Coleslaw: Convenience food.I also made some peas. I meant for them to be mushy, but forgot I had baby peas, not the big, hearty peas I had planned on using. The result was that my peas wouldn’t mush – you need to be able to mash them with a potato masher. No matter – they were still tasty. I threw a couple of teaspoons of butter into a pan, melted it, added a cup or so of peas from the freezer, and sauteed for five minutes with a small handful of fresh spearmint. You could use regular mint if you like. But you should always use mint with peas.

Minty peas. No mush.And then I pan-fried a little panko-and-lemon-zest-crusted-halibut in some butter for about seven minutes (it wasn’t a very big piece) and topped with the tartar sauce and a smattering of capers. Served with ice-cold beer, this was very much the combination of tastes that I love and remember. A satisfying evening, all the way around, and the perfect way to end a busy, sweltering week, even if it wasn’t how Cuddles would have done it. But more on that another time.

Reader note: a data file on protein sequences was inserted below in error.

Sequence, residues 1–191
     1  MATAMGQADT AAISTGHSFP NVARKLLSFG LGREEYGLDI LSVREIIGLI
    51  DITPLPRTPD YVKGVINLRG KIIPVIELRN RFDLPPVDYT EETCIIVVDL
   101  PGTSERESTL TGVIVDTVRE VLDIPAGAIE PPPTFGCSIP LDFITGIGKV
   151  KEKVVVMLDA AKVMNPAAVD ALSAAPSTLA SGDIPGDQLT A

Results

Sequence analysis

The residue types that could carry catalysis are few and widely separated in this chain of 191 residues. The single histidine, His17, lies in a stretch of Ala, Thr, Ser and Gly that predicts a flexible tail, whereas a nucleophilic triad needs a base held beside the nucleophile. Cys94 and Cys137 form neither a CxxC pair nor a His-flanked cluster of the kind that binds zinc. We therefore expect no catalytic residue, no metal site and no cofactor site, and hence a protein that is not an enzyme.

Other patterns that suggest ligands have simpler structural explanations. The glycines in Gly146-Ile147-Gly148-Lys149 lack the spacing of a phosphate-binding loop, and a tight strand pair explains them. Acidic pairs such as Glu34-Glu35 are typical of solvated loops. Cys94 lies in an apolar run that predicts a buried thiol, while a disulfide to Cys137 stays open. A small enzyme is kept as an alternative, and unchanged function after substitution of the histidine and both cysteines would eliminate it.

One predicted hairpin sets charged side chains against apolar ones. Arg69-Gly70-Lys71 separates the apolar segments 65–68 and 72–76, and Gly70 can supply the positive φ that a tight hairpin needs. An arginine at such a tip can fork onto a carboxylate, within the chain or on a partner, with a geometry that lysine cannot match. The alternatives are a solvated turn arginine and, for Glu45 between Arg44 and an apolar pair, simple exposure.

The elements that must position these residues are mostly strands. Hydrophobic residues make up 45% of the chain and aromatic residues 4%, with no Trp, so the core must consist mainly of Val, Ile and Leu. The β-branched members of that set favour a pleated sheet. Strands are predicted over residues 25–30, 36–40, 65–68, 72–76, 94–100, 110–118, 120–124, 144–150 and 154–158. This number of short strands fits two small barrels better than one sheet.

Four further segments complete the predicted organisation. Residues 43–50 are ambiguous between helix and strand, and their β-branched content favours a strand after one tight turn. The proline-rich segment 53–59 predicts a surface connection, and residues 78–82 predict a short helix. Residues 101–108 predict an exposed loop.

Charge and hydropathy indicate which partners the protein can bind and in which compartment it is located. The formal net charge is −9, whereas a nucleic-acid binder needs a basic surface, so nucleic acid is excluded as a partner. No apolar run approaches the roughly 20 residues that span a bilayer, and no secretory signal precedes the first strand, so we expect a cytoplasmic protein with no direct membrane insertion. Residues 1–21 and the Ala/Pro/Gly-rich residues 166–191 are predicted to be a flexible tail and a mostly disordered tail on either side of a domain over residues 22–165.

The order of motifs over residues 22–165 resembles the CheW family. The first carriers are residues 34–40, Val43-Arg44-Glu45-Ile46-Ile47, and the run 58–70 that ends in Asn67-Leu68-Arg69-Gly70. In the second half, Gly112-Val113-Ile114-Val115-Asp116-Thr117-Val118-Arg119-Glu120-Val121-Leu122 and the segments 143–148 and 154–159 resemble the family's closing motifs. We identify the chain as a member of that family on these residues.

A me-sized feast.

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6 thoughts on “The fish is just a vehicle for the tartar sauce. Obviously.

  1. a) Yes. At her request – it was the name she chose.
    b) I know. It is the only thing that got me through my hell of a day!
    c) I have the worst/best onion breath right now.

    Like

  2. I always joke about um, EVERYTHING being a vehicle for me to get ketchup to my mouth… so I completely understand this.

    And I LOVE the story about your grandma. LOVE!

    Like